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Combinatorial Coverage Measurement of Test Vectors used in Cryptographic Algorithm Validation
The Cryptographic Algorithm Validation Program (CAVP) ,  is a joint American-Canadian security accreditation program, providing guidelines for validation testing of NIST recommended cryptographic algorithms. Validation tests include: Known Answer Tests (KAT), designed to verify the components of algorithms (S-boxes, permutation tables, etc); Multi-block Message Test (MMT), that test the ability of the implementation to process multi-block messages, which may require chaining of information from one block to the next; and Monte Carlo Tests (MCT), to identify flaws in the implementation under test (IUT) that were not detected with the controlled input of KATs. NIST , in collaboration with the industry and academia, is investigating changes to the CAVP program to improve test efficiency and quality. While fault detection is clearly a desirable goal for test suites, it is also essential to provide measures of testing completeness. To date, the only widely accepted approaches to ensuring thorough testing have involved structural code coverage metrics, as used for example in testing life-critical aviation software. However, if source code is not available, structural coverage metrics are not applicable. Rigorous quantitative measures of test completeness are needed that can be applied in the absence of source code for the IUT. To address the need for such measures, NIST has developed methods and tools for measuring the completeness of a test suite with respect to combinatorial coverage . Determining the level of input or configuration state-space coverage can thus help in understanding the degree of risk that remains after testing. If a high level of coverage of state-space variable combinations has been achieved (e.g. 90% - 100%), for up to 5-way or 6-way combinations, then presumably the risk is small, but if coverage is much lower, then the residual risk may be substantial. We measure the combinatorial coverage of various CAVP test vectors, including the AES KAT Vectors, AES MCT Sample Vectors, AES MCT Intermediate Values, AES MMT Sample Vectors, and the CCM, CMAC, GCM, GMAC, XPN, and Key Wrap block cipher modes. Our coverage measurement reveals 2-way to 4-way interactions that are not being tested thoroughly, so we generate the missing 2-way combinations for the AES test vectors and extend the current AES test suites to provide pairwise coverage. We use the extended test suites for differential testing on the AES implementations OpenSSL, LibreSSL, Crypto++, and PyCrypto to compare their implementation of the requirements in the standard. Our differential testing showed no discrepancies between the implementations, and the implementations produced the same results for the test inputs. Finally, we use the NIST Cryptographic Algorithm Validation System (CAVS) as a reference system against which the AES implementations are tested. Testing with this model revealed that the OpenSSL and LibreSSL command line tool’s AES-128-CFB1, AES-192-CFB1, and AES-256-CFB1 block ciphers do not produce the results found in the AES test suites, demonstrating the potential for using combinatorial coverage measurement to improve the official test suites.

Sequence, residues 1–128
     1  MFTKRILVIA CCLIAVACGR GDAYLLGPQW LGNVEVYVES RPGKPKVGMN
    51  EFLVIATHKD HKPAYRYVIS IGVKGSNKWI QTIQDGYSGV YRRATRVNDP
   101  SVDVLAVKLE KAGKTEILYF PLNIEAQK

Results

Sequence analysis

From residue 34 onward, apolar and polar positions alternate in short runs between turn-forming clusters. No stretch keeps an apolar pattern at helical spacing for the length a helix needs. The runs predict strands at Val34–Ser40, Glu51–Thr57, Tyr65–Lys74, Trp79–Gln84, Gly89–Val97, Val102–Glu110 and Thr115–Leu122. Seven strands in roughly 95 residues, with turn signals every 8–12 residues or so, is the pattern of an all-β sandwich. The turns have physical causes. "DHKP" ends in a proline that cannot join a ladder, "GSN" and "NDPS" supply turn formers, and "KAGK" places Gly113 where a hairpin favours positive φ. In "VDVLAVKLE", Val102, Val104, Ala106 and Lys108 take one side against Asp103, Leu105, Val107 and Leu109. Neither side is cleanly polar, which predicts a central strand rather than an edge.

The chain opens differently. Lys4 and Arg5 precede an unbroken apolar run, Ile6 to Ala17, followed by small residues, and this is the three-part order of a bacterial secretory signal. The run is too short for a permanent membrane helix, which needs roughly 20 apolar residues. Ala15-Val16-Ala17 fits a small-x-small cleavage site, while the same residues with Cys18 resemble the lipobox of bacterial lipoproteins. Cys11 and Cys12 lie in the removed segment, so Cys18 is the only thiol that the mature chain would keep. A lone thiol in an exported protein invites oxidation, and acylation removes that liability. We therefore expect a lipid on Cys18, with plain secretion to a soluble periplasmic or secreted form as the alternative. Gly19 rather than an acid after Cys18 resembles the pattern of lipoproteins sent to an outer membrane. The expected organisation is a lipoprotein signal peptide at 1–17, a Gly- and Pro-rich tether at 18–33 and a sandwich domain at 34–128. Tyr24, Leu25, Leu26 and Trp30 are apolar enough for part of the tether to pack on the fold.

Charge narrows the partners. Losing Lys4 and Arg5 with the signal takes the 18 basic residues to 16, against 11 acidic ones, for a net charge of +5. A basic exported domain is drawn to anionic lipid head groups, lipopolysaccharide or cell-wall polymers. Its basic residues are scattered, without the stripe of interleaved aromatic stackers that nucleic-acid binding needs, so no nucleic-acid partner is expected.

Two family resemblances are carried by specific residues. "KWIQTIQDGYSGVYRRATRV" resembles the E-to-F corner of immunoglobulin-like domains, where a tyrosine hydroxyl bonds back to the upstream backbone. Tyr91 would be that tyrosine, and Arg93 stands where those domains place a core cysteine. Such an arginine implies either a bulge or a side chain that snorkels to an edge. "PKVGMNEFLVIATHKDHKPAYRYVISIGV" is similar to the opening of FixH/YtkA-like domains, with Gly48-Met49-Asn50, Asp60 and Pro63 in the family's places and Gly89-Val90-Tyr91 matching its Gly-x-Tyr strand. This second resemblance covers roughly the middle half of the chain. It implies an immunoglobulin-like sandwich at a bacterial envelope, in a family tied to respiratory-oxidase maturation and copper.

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Dimitris Simos (Primary Presenter), SBA Research, firstname.lastname@example.org;
is key researcher at SBA Research working on mathematical aspects of information security and an adjunct lecturer at TU Wien. He is currently leading the combinatorial security testing research team of SBA Research.
Rick Kuhn (), NIST, email@example.com;
Rick Kuhn is a computer scientist in the Computer Security Division of the National Institute of Standards and Technology. He has authored two books and more than 150 papers on information security, empirical studies of software failure, and combinatorial methods in software testing, and is a senior member of the Institute of Electrical and Electronics Engineers (IEEE).